Hundreds in city take their faith to the streets

‘God Belongs in My City’ movement demonstrates diversity and unity through prayer walks

BY PENNY DICKERSON     
DAYTONA TIMES

In the aftermath of another deadly shooting massacre that fixated the nation on the state of Oregon and the many prayers and vigils for the victims, local residents demonstrated a show of unity through a prayer walk and spiritual movement held Saturday, Oct. 3.

Pastor Monzell Ford leads the God Belongs in My City prayer walk and spiritual movement on Oct. 3.(DUANE C. FERNANDEZ SR./HARDNOTTSPHOTOGRAPHY.COM)
Pastor Monzell Ford leads the God Belongs in My City prayer walk and spiritual movement on Oct. 3.  (DUANE C. FERNANDEZ SR./HARDNOTTSPHOTOGRAPHY.COM)

“God Belongs in My City” united more than 400 area residents representing varied races and ethnicities. Clad in signature T-shirts and carrying symbolic signage, they convened on Daytona Beach City Hall, marched through town, and played host to a spiritual movement that united the masses.

“God Belongs in Our City” (GBIC) is a worldwide movement led locally by Pastor Monzell Ford of Kingdom Minded Worldwide Ministries in Daytona Beach. He was joined on the City Hall platform by Mayor Derrick Henry.

Area residents pray during the God Belongs in My City event in Daytona Beach.(PHOTOS BY DUANE C. FERNANDEZ SR./HARDNOTTSPHOTOGRAPHY.COM)
Area residents pray during the God Belongs in My City event in Daytona Beach.
(PHOTOS BY DUANE C. FERNANDEZ SR./HARDNOTTSPHOTOGRAPHY.COM)

In 80 cities
“God Belongs in My City” is not only a worldwide ‘movement,’ it’s our declaration of faith,” said Ford. “As Christ came and changed the world, we as Christians ought to impact our city now. There is a call to fearlessly rise up as one and not collapse under the waves of this world. We are commissioned to carry forth the gospel of salvation,” he added.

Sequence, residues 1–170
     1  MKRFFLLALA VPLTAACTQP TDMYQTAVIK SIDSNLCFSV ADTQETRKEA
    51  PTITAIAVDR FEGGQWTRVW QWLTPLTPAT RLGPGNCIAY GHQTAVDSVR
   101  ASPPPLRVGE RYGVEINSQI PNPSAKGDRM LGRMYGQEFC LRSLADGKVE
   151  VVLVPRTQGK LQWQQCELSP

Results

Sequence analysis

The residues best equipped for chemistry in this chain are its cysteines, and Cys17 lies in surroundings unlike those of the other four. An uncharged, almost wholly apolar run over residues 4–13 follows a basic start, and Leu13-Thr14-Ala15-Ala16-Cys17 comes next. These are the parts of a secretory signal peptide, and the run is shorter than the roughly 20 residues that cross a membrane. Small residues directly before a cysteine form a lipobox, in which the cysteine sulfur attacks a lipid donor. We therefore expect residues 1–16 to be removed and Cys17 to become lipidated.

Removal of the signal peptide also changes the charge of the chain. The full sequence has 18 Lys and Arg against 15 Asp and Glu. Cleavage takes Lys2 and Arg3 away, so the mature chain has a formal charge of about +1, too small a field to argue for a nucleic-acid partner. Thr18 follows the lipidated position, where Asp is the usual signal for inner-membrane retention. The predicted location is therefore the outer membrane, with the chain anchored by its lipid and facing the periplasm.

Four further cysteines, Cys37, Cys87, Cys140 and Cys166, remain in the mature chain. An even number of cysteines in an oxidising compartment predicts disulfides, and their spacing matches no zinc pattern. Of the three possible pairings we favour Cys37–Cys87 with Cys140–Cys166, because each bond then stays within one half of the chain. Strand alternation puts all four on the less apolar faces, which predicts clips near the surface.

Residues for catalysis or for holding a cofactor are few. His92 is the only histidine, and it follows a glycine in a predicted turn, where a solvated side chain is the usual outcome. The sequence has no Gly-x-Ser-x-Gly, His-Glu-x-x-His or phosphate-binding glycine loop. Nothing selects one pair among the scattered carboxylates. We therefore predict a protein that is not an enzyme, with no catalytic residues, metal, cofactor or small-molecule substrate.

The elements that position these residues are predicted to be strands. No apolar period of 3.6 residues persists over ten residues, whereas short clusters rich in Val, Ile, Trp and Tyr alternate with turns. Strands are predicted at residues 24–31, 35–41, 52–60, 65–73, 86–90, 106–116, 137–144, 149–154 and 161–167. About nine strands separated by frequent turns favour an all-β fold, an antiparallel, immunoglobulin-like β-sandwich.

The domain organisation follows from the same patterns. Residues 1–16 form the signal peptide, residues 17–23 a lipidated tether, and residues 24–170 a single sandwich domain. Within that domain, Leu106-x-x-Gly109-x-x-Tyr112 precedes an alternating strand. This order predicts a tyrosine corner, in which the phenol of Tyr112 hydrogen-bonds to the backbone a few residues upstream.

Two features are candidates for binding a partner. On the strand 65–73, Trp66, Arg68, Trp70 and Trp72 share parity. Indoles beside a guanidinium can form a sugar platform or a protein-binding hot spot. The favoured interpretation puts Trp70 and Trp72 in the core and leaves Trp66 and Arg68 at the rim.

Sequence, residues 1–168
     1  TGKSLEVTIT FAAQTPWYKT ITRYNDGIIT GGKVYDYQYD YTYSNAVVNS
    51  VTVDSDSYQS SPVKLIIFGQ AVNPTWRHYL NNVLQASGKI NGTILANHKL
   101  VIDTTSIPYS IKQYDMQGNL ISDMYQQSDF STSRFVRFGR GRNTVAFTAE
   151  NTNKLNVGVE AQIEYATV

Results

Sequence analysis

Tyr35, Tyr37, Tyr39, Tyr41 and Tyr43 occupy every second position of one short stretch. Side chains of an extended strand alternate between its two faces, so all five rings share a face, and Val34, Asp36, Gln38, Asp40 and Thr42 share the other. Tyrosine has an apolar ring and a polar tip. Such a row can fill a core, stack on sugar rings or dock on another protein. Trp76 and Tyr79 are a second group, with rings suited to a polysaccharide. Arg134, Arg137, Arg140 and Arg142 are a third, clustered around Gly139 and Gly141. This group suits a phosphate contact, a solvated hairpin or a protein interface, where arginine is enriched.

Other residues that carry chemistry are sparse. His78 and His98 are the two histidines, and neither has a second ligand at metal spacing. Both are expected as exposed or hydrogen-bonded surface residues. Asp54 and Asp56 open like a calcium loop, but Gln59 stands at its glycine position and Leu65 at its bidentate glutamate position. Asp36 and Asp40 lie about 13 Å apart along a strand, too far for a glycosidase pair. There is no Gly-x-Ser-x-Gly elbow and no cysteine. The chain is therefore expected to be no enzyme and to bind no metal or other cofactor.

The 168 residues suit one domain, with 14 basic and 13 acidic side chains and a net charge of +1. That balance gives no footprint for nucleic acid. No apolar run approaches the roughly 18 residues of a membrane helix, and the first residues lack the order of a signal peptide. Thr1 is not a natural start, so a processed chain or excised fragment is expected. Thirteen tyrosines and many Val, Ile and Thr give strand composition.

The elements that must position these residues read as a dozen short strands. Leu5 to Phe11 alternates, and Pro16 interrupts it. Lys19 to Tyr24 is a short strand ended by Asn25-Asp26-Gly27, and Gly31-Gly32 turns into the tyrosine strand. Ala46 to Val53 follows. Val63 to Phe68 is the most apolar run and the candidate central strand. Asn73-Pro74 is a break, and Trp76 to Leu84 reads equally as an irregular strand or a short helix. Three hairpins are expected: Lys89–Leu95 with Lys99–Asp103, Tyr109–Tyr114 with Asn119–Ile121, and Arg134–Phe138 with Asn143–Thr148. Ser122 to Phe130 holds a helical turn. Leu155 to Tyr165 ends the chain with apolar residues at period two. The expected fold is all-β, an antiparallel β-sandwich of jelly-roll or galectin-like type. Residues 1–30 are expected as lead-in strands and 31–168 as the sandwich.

Currently, the national movement has 80 host cities. Ford launched his Daytona initiative in 2014 as an extension of his ongoing work in street ministry and urban evangelism. Magga Products, Inc. of Holly Hill served as the lead sponsor to help defray the $2,000 cost for T-shirts, water, signage, etc.

According to Ford, this year’s event required four months of planning and the collaboration of other ministries to effectively host a successful movement.

Daytona Beach Mayor Derrick Henry speaks to the group gathered at City Hall.
Daytona Beach Mayor Derrick Henry speaks to the group gathered at City Hall.

Planning for 2016
Schedule challenges and an unwillingness to join forces were obstacles, but not a deterrent for Ford. He’s already geared up and ready for next year.

The 2016 prayer walk is set for Oct. 1, 2016, and beginning in January 2016, a GBIMC Daytona Committee will be meeting monthly for rallies and planning meetings.

“We are the voice of this generation making the call to the people of God to rise up and proclaim the name that is above all names, Jesus Christ,” said Ford.

“Here in Daytona Beach, we are not ashamed of the gospel. We will answer the call to act now. We will share the gospel of salvation to the ends of the world. We will start with our own city: Daytona Beach,” he added.

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